Months after the battle, Clinch blamed Call and his militia for the defeat. He claimed that Call and the volunteers had not supported him in the battle, which led to the Seminole ambush overwhelming them. He went as far as to claim that Call had prohibited the militia from crossing the river to support Clinch’s troops. James G. Cusick, the curator of the P.K. Yonge Library of Florida History at the University of Florida, notes, “This accusation became so stinging a blot on Call’s record that almost two years after the battle, he ran a point-by-point rebuttal of Clinch’s statements on the front page of The Floridian, taking up the entire front page” (Cusick, “Richard Keith Call” 49). Call would highlight the impossibility of transporting his troops over the river quickly enough to support Clinch and would continue to repeat his version of events throughout his life.

Despite this controversy, Call had a chance to redeem his reputation when President Jackson asked him to control U.S. forces in 1836 during the early stages of the Second Seminole War (Baptist 156). As commander, he was able to secure significant victories and invaded further into the Seminole’s territory, even though his efforts were plagued by logistical problems. He failed to win what historian C. S. Monaco refers to as “the type of traditional battlefield triumph that he promised the president” and was later relieved of command by Jackson himself (86). Although he would be appointed to the position of territorial governor of Florida again in 1841, his failure to succeed in his campaign against the Seminoles to Jackson’s satisfaction would ensure that the affair at Withlacoochee would remain a negative mark on his legacy.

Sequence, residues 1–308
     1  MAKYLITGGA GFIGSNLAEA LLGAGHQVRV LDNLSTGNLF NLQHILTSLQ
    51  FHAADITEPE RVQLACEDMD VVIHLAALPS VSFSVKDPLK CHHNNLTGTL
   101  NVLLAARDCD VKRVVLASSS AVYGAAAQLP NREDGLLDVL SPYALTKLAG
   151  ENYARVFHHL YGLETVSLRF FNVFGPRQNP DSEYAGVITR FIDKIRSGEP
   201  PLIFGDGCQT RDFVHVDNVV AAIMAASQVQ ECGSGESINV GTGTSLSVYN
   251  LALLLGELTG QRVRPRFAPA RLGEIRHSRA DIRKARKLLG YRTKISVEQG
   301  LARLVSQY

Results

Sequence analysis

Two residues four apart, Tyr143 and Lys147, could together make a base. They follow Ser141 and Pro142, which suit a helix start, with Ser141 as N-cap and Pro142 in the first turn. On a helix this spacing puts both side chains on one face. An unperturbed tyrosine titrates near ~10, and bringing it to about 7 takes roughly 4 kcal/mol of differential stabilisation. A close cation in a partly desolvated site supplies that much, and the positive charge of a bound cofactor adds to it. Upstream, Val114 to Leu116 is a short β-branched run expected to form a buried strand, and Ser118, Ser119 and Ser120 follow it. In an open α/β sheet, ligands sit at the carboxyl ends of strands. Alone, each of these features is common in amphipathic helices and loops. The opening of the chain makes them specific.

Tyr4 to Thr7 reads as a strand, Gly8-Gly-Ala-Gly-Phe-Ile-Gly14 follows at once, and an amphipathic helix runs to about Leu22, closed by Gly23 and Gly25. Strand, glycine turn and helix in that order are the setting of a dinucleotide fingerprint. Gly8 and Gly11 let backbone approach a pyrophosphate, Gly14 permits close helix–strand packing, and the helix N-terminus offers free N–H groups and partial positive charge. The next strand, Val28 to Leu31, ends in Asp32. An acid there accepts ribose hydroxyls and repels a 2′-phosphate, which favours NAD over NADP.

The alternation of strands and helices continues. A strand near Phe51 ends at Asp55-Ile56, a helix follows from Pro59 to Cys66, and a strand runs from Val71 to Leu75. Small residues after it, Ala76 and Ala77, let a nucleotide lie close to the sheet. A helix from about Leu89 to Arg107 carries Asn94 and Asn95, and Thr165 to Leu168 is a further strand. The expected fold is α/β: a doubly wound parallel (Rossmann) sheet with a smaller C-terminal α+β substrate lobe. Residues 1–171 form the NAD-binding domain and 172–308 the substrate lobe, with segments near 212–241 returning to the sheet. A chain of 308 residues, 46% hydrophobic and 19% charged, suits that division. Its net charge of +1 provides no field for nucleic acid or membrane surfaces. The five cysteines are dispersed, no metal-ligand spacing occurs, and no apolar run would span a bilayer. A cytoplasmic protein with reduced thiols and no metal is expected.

Long would continue the defense of her father’s actions at Withlacoochee even after he had passed. In Florida Breezes, Call is described as having succeeded in crossing the river in a canoe to aid Clinch in his retreat (Long 204). Long also labels him as a hero for his actions during the battle in her narrative (206). Needless to say, Long inherited her father’s bitterness towards Clinch for his account of the battle and Call’s actions during it. Defending her father’s position that it was impossible for all of his volunteers to cross the river in time to support Clinch, she states that his report was supported by “most honorable witness.” She writes that Clinch’s first report of the battle was “a most flattering account of volunteers in battle” but highlights that Clinch’s second report was the one which would tarnish her father’s reputation. As a consequence of this apparent betrayal, she uses the letter to bring into question Clinch’s character, demonstrated by her unflattering portrayals of Clinch’s resignation from the army and her accusation that he was “turning a deaf ear to all complaint of cruelty by Indians.” In her anecdote regarding Congress’ repayment for damage to Clinch’s sugarcane crop, she makes sure to note that Clinch had not lived in Florida for long. After criticizing Clinch, she turns her criticism towards some of the most well-known historians of her time.